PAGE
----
24 Apr
2015

Interview with Gary Marshall – SAEPA


courier-service

For courier companies in South Africa to ensure survival and continuous growth, collaboration is crucial and forms one of the cornerstones of supply chain management, notes South African Express Parcel Association (SAEPA) CEO Garry Marshall.

He explains that 10% to 15% of local companies that were in operation a year ago do not exist today. This, however, mainly owes to acquisitions and take overs where local companies have been bought out by international players.

“This shows a growing trend of collaboration in the courier industry,” Marshall points out, citing SupaSwift, acquired by Fedex and Berco, acquired by Aramex, as examples.

Marshall notes that this trend of acquisition is mostly evident with medium-sized courier companies. “Not many small formal courier operators are being bought over as these companies’ are owner-managed and have more control over operations, therefore, they are in a position to remain competitive as small service providers.”

However, SAEPA notes that small courier operators do find themselves at a growth point where their operations transition from small to medium (companies with a R50-R200-million per annum turnover) rendering them in need of investment for infrastructure – from network, Information Technology (IT) systems, management capability and, most importantly, density.

“Courier companies tend to stagnate in the middle ground and not many migrate into large sized companies with the exception of those involved in a corporate takeover,” Marshall reiterates, noting that South African courier company RAM is one of the few examples of a large-sized independent courier company not owned by an international player.

Dovetail Business Development Director Shermandra Singh concurs that this trend has been visible in the logistics industry and is evident in the amount of enquiries for small software solutions coming through to Dovetail.

“There has been an increase in small to medium sized companies requiring logistics management software solutions to support their growing operations.”

The problem with operational growth is that there is a big increase in waybill volumes which requires additional communication between a company and its clients and drivers. Communication also needs to be automated as customers require instant feedback and companies need immediate access to information for operations to run efficiently.

“While software for smaller operators is available, affordability is an issue,” Singh explains, adding that consolidation among small courier operators is a trend becoming more visible and serves as a solution to affordability challenges.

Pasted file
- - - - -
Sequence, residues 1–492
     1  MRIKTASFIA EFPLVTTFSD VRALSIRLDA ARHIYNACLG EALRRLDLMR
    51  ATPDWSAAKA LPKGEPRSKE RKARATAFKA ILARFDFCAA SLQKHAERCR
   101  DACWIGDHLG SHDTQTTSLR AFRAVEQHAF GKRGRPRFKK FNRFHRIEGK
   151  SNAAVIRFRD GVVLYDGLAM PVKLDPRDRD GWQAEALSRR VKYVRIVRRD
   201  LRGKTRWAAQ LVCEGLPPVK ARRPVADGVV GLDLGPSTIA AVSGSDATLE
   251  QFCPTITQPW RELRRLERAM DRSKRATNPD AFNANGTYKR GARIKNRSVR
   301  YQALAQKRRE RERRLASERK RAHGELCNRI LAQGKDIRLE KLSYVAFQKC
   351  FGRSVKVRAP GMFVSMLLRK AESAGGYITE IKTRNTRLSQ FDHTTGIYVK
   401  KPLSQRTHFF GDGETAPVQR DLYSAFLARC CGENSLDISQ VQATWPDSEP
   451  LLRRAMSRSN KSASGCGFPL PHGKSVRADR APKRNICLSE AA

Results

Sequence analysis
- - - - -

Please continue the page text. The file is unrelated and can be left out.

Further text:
“Small courier operators are integrating and combining resources to acquire infrastructure and working together to ensure growth.”

Innovation Crucial for Survival

While the courier industry presents unique challenges, it does provide for new entrants into the arena, Marshall states, but warns that long-term survival is questionable without innovation. “Companies need to define what they do and differentiate themselves from everyone else. Many small players either provide niche operations which sustain them until they can afford to branch out or they cater to a dedicated client base which they serve very well.”

SAEPA stresses that innovation has become the key to survival with even large international players differentiating themselves through the use of innovative IT solutions, network and physical delivery footprint.

The organisation warns, however, that, while Ecommerce and online retail service providers (Etailers) provide great growth opportunities for the courier industry, Etailers need to realise the true cost of home deliveries as many are currently underpricing themselves and will eventually feel the brunt of these costs.

“Ecommerce has introduced unique challenges into the courier industry and, should companies not consider changes to their business models, they will become stuck as this trend introduces high volume orders and high growth but also presents serious operational issues with regard to delivery footprint.

“The ability for IT to handle the drastic increase in shipping volumes as well as the demand from customers for instant feedback and updates on the delivery process is not only expensive, but, in many cases, courier companies’ current systems cannot interface with the tracking and reporting systems needed and requires additional investment and development,” Marshall explains.

He adds that the average number of times a courier company attempts a home delivery is three which renders this exercise very expensive. “The South African climate bring a host of unique challenges as people live in high security estates which makes entrance difficult. In addition, deliveries into townships prove even more difficult with a lack of delivery addresses and security threats.

“Home deliveries is a very complex process and for courier companies to take advantage of the opportunities presented by Ecommerce and Etailing, innovation is required to overcome our country’s unique challenges.”

Marshall cites the delivering of packages to locked automated dropboxes that can be unlocked with a secret pin sent to a recipient’s cell phone as an example of innovative courier solutions being used by companies around the world.

Singh agrees that IT innovation will take the lead with ensuring successful Etailing and Ecommerce endeavors in South Africa. “IT providers are working with the courier industry to ensure that operators can overcome challenges, take hold of opportunities and ensure optimum growth with many innovative solutions to be introduced in future.”


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